I would sound this cautionary note about Rabbit Maranville. I feel very tentative about him. While we have several years of data on him, they come from his age 38–43 seasons. Rabbit missed one of those seasons entirely due to a broken leg, and came back for just 23 games after it. But a deeper look into his stolen base numbers shows a different story. As a young player, Maranville stole with some frequency, gaining double digits in steals every year through 1924 (except for a year lost to World War I). His success rates during those seasons for which we have his caught-stealing information (61%) are probably a little better than average for the time. Then Rabbit started to get old. He lost some time due to injury and ineffectiveness in the mid-1920s, appearing to lose a step in the process. So it’s difficult to say with certainty that the data we have is strongly representative. But for now, it works.
NOW EST NOW EST NOW EST NAME WAR WAR CHEWS CHEWS RANK RANK ========================================== LEFT FIELD T Williams 129 129 98 98 2 2 Goslin 70 73 57 59 10 9 A Simmons 71 75 57 61 11 8 B Johnson 62 61 50 49 20 20 Medwick 55 52 47 45 23 25 Kiner 49 48 46 45 25 26 Minoso 51 52 46 46 26 23 Keller 47 46 43 44 27 27 Galan 43 47 37 41 40 38 Manush 39 42 34 37 41 41 Hafey 28 32 27 30 57 53
I didn’t know that Al Simmons was an excellent base runner, but that’s what our PBP data suggests. He was good at every facet of running, whether avoiding outs or taking bases.
This exercise appears to have vindicated certain decisions we made late in our electoral process. We knew that Joe Medwick had issues with double plays, and so we placed him behind Jose Cruz and Roy White in our pecking order. We felt unsure about Ralph Kiner as a fairly extreme peak case. Finally, because we’ve elected solely on Major League play, we didn’t extend any special dispensation to Minnie Minoso. Well the jury is in. Medwick’s double-play addiction cost him about 18 runs versus his leagues. Also, his arm appears less effective than DRA suggests. It’s all enough to push his value low enough that he sinks below Joe Kelley and Minnie Minoso in the rankings and essentially out of sight. Minoso only cashes in outfield arm credit here because his career started after the advent of PBP-based rDP and rBaser. He’s not a good thrower, but he picks up a couple-three runs against DRA, which helps. The fact that he didn’t lose value really helps because if we ever choose to pursue the Negro League angle, he’s so close to the finish line now that even just a couple seasons of above-average play could put him over.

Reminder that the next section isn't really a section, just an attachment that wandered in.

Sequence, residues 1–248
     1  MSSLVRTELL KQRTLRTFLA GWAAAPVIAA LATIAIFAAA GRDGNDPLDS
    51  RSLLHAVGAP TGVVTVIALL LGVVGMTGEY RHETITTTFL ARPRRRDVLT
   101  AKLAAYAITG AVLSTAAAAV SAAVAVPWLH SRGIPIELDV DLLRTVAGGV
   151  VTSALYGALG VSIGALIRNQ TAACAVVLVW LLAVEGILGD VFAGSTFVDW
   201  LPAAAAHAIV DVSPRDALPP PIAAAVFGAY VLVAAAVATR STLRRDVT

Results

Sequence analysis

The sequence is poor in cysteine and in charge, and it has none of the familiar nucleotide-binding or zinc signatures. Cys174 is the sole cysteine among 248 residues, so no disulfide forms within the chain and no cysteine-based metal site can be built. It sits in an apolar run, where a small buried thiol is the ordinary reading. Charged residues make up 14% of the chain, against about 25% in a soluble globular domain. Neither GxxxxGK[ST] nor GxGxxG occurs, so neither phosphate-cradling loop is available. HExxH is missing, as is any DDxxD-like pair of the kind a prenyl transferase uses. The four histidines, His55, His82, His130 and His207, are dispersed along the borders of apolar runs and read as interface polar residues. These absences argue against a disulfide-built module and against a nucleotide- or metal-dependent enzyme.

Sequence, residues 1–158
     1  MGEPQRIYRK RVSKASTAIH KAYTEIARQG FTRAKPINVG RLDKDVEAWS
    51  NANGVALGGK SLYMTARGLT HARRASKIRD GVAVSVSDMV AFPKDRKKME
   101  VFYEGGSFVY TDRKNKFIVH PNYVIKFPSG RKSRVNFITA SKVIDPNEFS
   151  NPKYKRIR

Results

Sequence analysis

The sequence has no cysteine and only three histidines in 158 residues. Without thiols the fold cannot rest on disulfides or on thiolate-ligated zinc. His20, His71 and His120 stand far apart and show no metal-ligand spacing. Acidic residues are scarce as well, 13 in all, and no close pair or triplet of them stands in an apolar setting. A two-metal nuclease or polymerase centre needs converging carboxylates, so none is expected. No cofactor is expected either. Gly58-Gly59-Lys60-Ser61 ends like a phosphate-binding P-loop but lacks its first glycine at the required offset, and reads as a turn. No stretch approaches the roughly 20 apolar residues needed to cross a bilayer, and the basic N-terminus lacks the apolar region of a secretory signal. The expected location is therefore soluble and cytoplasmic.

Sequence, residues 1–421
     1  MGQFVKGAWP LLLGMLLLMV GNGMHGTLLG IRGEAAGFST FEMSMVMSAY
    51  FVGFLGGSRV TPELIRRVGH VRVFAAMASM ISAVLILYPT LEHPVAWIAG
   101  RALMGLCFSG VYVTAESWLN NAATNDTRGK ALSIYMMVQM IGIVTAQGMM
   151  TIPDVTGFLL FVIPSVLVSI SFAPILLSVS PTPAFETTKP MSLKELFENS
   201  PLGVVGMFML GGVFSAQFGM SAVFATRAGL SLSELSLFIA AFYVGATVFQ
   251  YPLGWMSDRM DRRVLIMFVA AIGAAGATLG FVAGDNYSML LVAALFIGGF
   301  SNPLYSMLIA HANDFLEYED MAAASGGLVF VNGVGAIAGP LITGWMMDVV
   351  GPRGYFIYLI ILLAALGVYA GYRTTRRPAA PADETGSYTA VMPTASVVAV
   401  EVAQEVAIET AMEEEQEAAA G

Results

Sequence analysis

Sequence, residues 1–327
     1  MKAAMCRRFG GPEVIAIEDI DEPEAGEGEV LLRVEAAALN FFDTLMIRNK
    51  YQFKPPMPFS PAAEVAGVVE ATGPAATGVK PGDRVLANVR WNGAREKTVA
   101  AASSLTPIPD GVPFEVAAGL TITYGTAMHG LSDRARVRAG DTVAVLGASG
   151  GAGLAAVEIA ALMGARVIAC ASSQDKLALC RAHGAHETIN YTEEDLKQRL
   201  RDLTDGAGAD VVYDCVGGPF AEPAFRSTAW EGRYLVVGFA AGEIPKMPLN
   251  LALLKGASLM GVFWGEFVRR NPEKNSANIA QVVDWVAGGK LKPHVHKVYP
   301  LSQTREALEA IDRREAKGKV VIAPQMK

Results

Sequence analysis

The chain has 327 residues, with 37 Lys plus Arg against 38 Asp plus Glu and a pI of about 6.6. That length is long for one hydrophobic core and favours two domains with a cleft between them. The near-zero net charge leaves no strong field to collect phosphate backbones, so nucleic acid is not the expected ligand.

NOW EST NOW EST NOW EST NAME WAR WAR CHEWS CHEWS RANK RANK ========================================== CENTER FIELD Mays 162 161 114 113 2 2 J DiMaggio 81 84 66 69 6 5 Ashburn 74 74 60 60 8 8 Snider 59 59 51 51 12 12 Berger 47 49 43 45 26 23 Doby 49 49 43 44 29 26 Averill 45 46 40 41 36 33 Combs 43 47 38 41 41 31 D DiMaggio 40 42 37 38 46 41 B Chapman 40 38 34 32 52 56 H Wilson 35 33 33 32 53 58 L Waner 23 25 22 23 73 73
Tommy McCarthy is the worst player elected to the Hall of Fame. I’m far less sure now about the second worst. Is it Lloyd Waner or Highpockets Kelly? We can’t say yet with as much certainty as we’d like because we don’t have PBP info for enough of Kelly’s career to say. But right now, I’m leaning toward Little Poison. I would be a little skeptical that Combs’ is gaining that much ground. He’s definitely gaining because his baserunning is much better than BBREF estimates it, probably by 20 runs. But like Stan Hack, Combs is a lefty lead-off man, and so his estimated rDP of +13 is probably too high. It’s a shame that Averill didn’t reach the majors until his age-27 season and that Dom DiMaggio had the heart of his carved out by the war. Both are coulda-been HoMErs. Which brings us to Larry Doby. Like Minoso above, Doby has inched just a little closer toward the borderline, and he may have enough in reserve during his Negro League seasons to creep over the line, should we choose to go down that path.
NOW EST NOW EST NOW EST NAME WAR WAR CHEWS CHEWS RANK RANK ========================================== RIGHT FIELD Ruth 181 181 128 128 1 1 Ott 111 117 80 84 3 3 P Waner 80 82 63 64 7 7 Slaughter 60 62 48 50 26 26 Nicholson 49 51 44 46 27 27 Cuyler 50 51 43 44 30 28 Klein 43 45 41 42 35 32 Holmes 42 43 40 41 37 34 D Walker 44 46 37 40 43 37 Furillo 42 42 36 36 49 49